6. The feelings of failure a parent goes through when they see that all those years of training seem to have gone out the window and the worry that generates. (That one was a little self indulgent I do admit)
      Need I go on.

      • I think this is the first time that I have to disagree with you! in number two you say, cluttered=unclean. But just because something is messy, doesnt mean it is necessary dirty, unhygienic, etc… I was always a clean but cluttered person. I made sure the trash, food left overs and stuff that can rot in general leave my mess. And I have seen places that are tidied up and not clean at all. I give you the point, that it might be harder to clean if the place is cluttered, but it doesnt necessarily go hand in hand.

        • Hi Lena,
          I guess my ideas of cluttered=unclean was because my children also have a habit of leaving dirty dishes, previously worn clothes and smelly shoes in their rooms all of which are not clean. The dirty dishes can attract insects in the climate we live in (cockroaches yuk) and clothes and smelly shoes carry all sorts of bacteria with leave odours in the room.

          But you are right clutter in general isn’t necessarily unclean.

  2. The reward really is a more livable space. Doing this slowly makes it so much easier and enjoyable for me. It seems managable.

    • Hi Megan,
      finding the task enjoyable is half the battle once you feel that way it certainly does make it easier to manage. Take your time, make good decisions as to what to keep and what to remove and once you have room to start organising things really fall into place.

  3. Yes, the piles of paper. I already filled two boxes with paper clutter which was out on the surface. I don’t want to think how much clutter is hiding in my closets.

    I really liked the second and the third tip, it is very helpful. I try to cut down on my online-time and try to do something else (reading a book, declutter). Unfortunatly, school needs a lot of online-time.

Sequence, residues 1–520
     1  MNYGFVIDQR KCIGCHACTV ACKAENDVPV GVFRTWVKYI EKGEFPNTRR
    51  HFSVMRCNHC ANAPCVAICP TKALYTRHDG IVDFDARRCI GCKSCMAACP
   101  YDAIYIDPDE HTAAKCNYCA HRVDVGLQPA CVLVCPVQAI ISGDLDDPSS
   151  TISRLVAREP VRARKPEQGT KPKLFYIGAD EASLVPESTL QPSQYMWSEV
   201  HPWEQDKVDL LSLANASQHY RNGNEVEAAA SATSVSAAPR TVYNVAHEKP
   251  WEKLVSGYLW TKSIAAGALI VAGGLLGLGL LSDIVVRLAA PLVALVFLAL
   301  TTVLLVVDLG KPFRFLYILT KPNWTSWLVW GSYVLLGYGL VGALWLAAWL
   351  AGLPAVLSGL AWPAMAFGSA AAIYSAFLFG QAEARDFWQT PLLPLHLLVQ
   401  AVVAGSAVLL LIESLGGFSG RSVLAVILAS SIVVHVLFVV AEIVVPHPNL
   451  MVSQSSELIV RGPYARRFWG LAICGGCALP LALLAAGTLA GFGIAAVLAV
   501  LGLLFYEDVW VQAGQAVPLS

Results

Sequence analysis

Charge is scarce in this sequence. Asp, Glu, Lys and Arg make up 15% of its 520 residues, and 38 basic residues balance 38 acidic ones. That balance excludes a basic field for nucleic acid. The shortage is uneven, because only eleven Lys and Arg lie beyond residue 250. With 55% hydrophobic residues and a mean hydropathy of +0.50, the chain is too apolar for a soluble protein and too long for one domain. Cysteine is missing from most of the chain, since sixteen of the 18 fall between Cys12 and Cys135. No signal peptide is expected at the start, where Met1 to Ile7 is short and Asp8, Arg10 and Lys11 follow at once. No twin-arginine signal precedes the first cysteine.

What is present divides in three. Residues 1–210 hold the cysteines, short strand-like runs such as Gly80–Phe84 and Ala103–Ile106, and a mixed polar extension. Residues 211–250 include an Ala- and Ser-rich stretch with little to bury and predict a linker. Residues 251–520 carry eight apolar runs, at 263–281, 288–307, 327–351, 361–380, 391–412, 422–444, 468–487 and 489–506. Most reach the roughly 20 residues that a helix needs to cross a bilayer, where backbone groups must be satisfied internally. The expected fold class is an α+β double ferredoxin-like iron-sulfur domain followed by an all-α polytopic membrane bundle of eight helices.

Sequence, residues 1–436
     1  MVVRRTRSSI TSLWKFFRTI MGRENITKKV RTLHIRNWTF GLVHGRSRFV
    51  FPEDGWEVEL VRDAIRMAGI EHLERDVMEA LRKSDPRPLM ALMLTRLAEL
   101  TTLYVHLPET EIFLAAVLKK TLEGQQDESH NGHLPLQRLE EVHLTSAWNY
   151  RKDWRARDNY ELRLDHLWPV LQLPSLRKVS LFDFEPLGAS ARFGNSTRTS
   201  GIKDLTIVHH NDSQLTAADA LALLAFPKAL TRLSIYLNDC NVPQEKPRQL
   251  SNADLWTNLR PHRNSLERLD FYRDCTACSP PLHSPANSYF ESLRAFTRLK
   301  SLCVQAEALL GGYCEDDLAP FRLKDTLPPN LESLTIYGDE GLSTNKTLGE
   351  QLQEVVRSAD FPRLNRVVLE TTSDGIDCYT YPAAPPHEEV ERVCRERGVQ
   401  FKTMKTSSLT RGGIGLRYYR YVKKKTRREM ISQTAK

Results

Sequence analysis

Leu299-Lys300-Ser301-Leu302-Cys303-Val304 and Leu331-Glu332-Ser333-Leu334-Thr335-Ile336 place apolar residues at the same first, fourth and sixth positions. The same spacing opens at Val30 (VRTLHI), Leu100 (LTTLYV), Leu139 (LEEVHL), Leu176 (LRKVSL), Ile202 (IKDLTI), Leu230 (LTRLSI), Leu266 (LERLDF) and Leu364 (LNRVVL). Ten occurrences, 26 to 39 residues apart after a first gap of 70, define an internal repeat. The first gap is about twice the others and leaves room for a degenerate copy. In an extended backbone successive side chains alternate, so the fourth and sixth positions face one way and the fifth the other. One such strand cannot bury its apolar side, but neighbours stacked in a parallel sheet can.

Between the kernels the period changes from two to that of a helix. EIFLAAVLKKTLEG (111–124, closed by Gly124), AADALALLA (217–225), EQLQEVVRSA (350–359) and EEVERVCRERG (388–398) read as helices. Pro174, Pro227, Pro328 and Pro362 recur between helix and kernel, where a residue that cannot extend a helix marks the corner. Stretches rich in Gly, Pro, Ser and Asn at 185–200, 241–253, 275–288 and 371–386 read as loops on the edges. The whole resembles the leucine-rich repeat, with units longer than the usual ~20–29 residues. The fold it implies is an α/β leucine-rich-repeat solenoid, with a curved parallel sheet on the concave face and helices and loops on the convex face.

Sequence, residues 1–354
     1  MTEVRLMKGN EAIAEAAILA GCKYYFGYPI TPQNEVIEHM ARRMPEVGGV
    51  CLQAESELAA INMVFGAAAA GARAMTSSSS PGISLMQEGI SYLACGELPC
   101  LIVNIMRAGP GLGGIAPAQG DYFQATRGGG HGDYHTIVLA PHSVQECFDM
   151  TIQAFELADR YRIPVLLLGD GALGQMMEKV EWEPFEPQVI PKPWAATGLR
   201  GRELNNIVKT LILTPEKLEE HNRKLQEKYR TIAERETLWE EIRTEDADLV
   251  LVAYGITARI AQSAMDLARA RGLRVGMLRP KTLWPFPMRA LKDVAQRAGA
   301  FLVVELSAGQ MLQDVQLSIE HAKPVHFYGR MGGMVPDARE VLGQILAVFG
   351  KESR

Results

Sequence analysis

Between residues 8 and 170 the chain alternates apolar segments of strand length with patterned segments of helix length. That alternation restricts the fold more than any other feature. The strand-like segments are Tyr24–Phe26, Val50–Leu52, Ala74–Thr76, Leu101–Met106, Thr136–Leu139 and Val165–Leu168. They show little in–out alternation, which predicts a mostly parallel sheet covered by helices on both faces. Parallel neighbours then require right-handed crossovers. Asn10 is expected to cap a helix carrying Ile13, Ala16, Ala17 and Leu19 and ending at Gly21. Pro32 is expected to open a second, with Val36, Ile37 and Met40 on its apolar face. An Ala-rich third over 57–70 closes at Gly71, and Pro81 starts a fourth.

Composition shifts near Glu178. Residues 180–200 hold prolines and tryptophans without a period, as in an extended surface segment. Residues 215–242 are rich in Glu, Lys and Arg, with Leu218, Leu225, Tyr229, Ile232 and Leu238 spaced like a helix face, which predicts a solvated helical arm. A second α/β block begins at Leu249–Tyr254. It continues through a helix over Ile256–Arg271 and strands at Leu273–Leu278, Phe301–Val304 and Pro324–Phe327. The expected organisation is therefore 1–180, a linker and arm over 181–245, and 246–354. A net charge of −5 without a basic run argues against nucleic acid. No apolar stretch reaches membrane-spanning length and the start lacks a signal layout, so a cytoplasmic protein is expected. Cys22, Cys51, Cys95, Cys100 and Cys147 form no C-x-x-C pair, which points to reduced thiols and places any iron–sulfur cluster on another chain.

I am finished writing the article in my own language fist (Dutch) and I am currently translating it, so it should be ready in no time now. 🙂

    • Hi Nurchamiel,
      I am glad you found the post helpful. I understand it is difficult to spend less time online as I have the same issue myself which is mostly due to keeping up my blog. I know that you also have a blog so just be careful it doesn’t eat into your study time. I am looking forward to reading your post but there is no need to hurry. Take your time on I am not going anywhere for now.

  4. Colleen, what a great summary of advice for everyone, not just students. This is like a mini-manifesto on acting responsibly plus getting and staying decluttered 🙂

    Nurchamiel, I am looking forward to your article. Several people in my house have dust and scent allergies. It can really limit when you declutter and do deep cleaning.

    • Hi Jo,
      thank you! You are right that these tips are helpful whatever your age or circumstance. There seems to be no age limit when it comes to unthoughtful shopping, feeling overwhelmed and not setting responsible priorities. We all have those days that’s for sure. The great part is that it is never to late to learn because we all can change our mindset not matter what our age. I find I will have been doing a certain thing one way for years and then by accident almost I will discover a better way to go about it and wonder why didn’t I think of that before. In some cases these AH HA moments can change habits of a lifetime. So being adaptable is key we just have to be open to the idea and realise that if we are not happy in our circumstance it is time to do something about it because it won’t fix itself.

  5. This was very well written. I especially liked the “mom” flavor to it. I sent this to my son who is a young adult living on his own. Hopefully he will find it helpful. Thanks, Colleen.

    • Hi Di,
      thank you very much, it was my pleasure. As you can tell by reading it that I have had plenty of experience with teens/young adults who aren’t that great at keeping they spaces organised. My son isn’t too bad but my daughter, well lets just say she missed out on that gene all together. Although she does manage a shoe store and I great pleasure when she tell me that she had to confront one of her staff about not keeping the store in top shape. I mean GREAT PLEASURE!
      I hope your sons takes the advice on board and improves his own space.